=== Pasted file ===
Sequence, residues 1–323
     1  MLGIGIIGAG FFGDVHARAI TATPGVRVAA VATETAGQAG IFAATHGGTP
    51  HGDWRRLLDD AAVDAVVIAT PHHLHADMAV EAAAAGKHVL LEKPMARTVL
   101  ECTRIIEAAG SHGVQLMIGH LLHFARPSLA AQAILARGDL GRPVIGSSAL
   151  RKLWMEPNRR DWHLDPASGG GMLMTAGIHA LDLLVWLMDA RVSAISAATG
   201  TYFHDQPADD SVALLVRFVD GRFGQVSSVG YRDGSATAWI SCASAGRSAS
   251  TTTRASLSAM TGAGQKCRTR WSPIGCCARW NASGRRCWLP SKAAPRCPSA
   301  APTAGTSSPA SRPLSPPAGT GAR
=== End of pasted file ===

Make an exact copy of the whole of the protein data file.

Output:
Sequence, residues 1–323
     1  MLGIGIIGAG FFGDVHARAI TATPGVRVAA VATETAGQAG IFAATHGGTP
    51  HGDWRRLLDD AAVDAVVIAT PHHLHADMAV EAAAAGKHVL LEKPMARTVL
   101  ECTRIIEAAG SHGVQLMIGH LLHFARPSLA AQAILARGDL GRPVIGSSAL
   151  RKLWMEPNRR DWHLDPASGG GMLMTAGIHA LDLLVWLMDA RVSAISAATG
   201  TYFHDQPADD SVALLVRFVD GRFGQVSSVG YRDGSATAWI SCASAGRSAS
   251  TTTRASLSAM TGAGQKCRTR WSPIGCCARW NASGRRCWLP SKAAPRCPSA
   301  APTAGTSSPA SRPLSPPAGT GAR